Friday, February 4, 2011

Orson Scott Card On Bias in Popular Entertainment

Ever since I read his sci-fi novel Ender's Game, Orson Scott Card has been one of my favorite authors. Not only can he tell a good story (focusing almost exclusively on science fiction and fantasy), but he's also an excellent writer of non-fiction commentary. Card has a near-weekly column, Uncle Orson Reviews Everything in a Greensboro, NC paper called The Rhinoceros Times.

Recently Card has commented on a new TV show called Harry's Law, which is written by longtime TV series writer David E. Kelley. After watching the first episode of the show, Card had this to say about Kelley:
We just aren't sure David E. Kelley can write a watchable series any more.

He's like a born-again Christian who has to make all his episodes bear witness to the faith - only Kelley's religion is the hatred of all things Republican.
Card can only conclude that Kelley isn't actually trying to persuade anyone to agree with his politics: "The message couldn't be clearer: We don't want you ugly people who are different from me and my cool friends to sully this show by watching it."

What's interesting is that Orson Scott Card isn't a Republican. He's a registered Democrat with centrist views and little patience for extremism from either side. However, he believes that the far Left is currently the dominant force in American culture and is therefore the more destructive of the extreme ends of the political spectrum.

Being fair-minded, and liking the actors cast in Harry's Law, Card and his family gave the show one more shot. Unfortunately the second episode also featured leftist propaganda:
In the series' second episode, Harry (Kathy Bates) is defending an old woman who robbed a liquor store at gunpoint. Her defense is that she was starving and had no alternative.

Excuse me? Has Kelley ever been to Cincinnati (where the story supposedly takes place)? Does he think there's no welfare available to the poor? Between state welfare programs and local non-government organizations, does he really believe that the only choice of poor people is to rob stores at gunpoint?

It is simply asinine that Kelley's puppet prosecutor did not point out all the welfare sources that could have kept this woman fed - without her having to resort to armed robbery.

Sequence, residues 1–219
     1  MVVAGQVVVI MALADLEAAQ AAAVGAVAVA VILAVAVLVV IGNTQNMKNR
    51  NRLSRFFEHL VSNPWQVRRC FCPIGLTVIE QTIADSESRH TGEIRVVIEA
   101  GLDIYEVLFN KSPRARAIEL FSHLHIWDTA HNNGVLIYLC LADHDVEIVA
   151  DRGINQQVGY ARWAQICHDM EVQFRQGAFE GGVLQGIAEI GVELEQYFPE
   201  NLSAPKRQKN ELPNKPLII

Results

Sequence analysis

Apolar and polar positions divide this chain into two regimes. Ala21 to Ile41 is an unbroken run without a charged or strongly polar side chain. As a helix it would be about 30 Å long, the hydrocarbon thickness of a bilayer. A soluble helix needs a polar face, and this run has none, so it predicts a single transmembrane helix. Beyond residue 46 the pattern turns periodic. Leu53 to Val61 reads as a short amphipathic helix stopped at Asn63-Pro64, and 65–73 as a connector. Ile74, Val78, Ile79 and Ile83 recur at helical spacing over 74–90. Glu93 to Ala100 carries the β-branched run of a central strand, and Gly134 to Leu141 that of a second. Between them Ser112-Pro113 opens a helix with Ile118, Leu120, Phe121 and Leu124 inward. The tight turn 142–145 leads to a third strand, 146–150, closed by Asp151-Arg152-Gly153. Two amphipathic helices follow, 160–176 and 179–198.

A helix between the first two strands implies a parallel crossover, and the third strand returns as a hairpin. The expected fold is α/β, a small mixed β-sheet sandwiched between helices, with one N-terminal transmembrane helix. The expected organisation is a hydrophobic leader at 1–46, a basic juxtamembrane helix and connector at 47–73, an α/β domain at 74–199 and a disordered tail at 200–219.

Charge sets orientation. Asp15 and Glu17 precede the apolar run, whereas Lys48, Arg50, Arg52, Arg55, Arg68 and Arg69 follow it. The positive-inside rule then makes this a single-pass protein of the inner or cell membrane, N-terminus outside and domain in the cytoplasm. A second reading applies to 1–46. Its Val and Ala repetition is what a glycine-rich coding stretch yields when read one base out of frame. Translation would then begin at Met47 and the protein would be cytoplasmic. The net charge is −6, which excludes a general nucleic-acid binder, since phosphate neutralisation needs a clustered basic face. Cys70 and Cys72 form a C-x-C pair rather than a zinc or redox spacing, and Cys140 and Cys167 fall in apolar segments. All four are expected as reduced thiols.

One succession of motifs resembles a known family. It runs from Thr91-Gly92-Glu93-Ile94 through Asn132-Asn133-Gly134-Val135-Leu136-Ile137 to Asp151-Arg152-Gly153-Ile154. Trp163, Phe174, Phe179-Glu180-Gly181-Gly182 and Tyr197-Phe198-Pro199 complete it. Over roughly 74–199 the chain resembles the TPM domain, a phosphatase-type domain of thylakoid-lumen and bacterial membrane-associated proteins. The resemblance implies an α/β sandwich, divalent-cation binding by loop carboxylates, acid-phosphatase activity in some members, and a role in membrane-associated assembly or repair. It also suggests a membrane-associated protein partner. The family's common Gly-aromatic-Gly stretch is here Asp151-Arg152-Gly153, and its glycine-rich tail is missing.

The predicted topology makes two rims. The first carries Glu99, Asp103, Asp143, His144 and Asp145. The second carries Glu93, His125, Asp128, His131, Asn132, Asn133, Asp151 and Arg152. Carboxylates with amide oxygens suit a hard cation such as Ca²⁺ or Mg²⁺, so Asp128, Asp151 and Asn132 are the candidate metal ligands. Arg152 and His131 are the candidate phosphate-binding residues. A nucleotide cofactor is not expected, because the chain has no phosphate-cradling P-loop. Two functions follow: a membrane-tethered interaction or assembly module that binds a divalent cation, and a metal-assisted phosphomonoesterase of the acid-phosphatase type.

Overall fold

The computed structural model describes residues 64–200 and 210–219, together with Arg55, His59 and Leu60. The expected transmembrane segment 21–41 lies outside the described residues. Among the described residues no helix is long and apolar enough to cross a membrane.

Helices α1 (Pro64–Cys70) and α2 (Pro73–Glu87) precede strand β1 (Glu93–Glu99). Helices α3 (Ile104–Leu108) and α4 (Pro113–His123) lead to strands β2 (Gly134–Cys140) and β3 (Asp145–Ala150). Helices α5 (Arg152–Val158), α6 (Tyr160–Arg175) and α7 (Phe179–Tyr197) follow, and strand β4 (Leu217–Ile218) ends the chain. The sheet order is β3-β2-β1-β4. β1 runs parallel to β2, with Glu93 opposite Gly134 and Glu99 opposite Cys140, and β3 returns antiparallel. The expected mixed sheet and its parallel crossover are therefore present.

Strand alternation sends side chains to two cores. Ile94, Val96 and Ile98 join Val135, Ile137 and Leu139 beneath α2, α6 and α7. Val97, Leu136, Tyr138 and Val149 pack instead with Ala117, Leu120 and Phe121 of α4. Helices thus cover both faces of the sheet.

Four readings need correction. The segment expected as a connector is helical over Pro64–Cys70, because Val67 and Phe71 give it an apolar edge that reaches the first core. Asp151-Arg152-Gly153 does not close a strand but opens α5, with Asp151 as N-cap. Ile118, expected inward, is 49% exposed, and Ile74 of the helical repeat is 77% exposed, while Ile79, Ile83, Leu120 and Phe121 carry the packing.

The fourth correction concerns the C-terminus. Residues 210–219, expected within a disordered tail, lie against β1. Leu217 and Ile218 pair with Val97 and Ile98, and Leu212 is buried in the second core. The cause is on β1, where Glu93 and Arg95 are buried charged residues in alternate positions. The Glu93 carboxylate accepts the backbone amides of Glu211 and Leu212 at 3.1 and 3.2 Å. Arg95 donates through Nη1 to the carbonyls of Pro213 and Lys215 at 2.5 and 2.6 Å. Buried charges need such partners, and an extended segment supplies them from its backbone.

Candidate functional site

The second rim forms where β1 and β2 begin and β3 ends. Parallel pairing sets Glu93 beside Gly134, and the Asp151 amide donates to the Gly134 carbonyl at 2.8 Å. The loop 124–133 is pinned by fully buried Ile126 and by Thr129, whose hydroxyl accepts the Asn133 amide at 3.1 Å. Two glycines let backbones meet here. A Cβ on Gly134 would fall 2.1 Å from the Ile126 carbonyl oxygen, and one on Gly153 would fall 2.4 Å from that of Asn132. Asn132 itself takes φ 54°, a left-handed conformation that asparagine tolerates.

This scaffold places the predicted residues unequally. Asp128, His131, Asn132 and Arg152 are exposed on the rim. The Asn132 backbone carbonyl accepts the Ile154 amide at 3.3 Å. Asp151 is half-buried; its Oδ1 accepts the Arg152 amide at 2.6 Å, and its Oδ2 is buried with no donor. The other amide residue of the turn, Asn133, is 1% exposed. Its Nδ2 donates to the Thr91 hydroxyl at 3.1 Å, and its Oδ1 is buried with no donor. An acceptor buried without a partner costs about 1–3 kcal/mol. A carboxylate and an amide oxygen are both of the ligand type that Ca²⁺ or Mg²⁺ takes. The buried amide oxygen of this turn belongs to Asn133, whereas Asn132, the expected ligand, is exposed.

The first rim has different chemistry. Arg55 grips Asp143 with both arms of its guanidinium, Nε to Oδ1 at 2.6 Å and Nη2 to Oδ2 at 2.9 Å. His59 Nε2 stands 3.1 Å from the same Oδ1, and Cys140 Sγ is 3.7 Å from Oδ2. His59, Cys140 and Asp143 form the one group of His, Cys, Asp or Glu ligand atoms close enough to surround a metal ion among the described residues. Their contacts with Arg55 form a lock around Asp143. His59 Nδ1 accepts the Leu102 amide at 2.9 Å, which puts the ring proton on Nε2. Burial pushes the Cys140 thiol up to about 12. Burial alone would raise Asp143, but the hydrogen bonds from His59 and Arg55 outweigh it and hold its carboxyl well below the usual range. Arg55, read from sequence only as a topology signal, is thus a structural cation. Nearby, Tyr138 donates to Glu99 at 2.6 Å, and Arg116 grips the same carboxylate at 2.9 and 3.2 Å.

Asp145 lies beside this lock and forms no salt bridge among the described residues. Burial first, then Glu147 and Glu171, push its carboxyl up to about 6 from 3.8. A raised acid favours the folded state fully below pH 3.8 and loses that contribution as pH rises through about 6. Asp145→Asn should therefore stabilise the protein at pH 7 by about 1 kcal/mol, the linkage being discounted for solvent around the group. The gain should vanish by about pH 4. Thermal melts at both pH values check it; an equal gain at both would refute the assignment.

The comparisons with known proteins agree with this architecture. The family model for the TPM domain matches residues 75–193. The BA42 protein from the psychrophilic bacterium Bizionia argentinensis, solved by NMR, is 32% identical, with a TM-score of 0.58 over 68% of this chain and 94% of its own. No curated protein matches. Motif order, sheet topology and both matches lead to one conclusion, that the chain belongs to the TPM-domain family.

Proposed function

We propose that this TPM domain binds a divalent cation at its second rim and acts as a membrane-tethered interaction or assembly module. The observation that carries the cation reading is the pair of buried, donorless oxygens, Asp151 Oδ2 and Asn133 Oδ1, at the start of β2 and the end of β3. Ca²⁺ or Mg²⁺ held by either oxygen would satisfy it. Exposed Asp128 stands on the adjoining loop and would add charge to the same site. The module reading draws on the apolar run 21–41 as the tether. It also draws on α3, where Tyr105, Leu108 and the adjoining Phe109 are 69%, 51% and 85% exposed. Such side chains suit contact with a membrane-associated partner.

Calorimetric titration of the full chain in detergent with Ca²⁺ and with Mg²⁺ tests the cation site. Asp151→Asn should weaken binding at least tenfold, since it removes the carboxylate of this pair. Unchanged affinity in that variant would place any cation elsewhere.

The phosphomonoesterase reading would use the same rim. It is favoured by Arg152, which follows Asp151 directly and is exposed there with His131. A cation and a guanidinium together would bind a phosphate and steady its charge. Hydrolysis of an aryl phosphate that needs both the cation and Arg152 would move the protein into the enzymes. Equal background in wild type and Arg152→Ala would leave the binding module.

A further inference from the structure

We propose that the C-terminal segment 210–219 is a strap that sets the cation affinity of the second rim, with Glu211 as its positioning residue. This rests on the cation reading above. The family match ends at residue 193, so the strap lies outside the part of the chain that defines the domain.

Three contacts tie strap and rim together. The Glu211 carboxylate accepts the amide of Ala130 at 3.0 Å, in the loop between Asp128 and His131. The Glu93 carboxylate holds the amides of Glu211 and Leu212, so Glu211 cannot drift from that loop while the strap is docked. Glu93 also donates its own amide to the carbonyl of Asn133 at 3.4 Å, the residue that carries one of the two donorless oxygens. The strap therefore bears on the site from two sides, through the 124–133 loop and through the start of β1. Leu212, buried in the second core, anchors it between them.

In Card's view (a view that I share), the writer is "flat-out lying about America - or else he has lost any kind of contact with reality". Kelley isn't describing modern America, he's describing Dickensian England. Card goes even further, suggesting that Kelley's story actually undermines his own political views:
In a way, Kelley and his ilk are confessing something rather awful. The Left has had control of American government and the power elite for decades. If it's all still as bad as ever, then that would suggest that all the money we've poured into the Leftist agenda has been utterly wasted. Where did it go, if it has accomplished nothing, as Kelley and his fellow deniers-of-America-as-it-is claim?
The American-bashing of the liberal elite doesn't stand up to close scrutiny. They tell us that America is just as racist as ever, yet this supposedly racist country elected a black president. They want us to think that the poor are starving in the streets, but the Left has been enacting financially ruinous welfare programs since the 1930s. We're told by the left-leaning media and the Democratic party that the Right has created an atmosphere of political hatred, yet they conveniently forget the vile things said about George W. Bush and other Republicans/conservatives.

I see only three options: either the Left a) regularly misrepresents America, b) is utterly inept at implementing its own agenda despite having significant power and influence for decades, or c) its programs are completely ineffective despite throwing huge amounts of taxpayer dollars at a myriad of pet causes. I suspect it's a mixture of the three.


  1. Or you can conclude that the episodes in question are just sloppy writing, and there is not an 'agenda' underneath them. That's what I conclude. I don't give Hollywood credit for conspiracy. They just want $$.

  2. I don't accuse Hollywood of conspiracy, nor do I believe that Card does. However, I think we'd both accuse Hollywood of left-leaning groupthink.

    As for sloppy writing, Kelley is considered one of the best. He has written for "L.A. Law", "The Practice", "Boston Legal", as well as others, and has won numerous Emmys. It seems less likely that he's guilty of sloppy writing and more likely that his left-of-center viewpoints have come to dominate his storylines.



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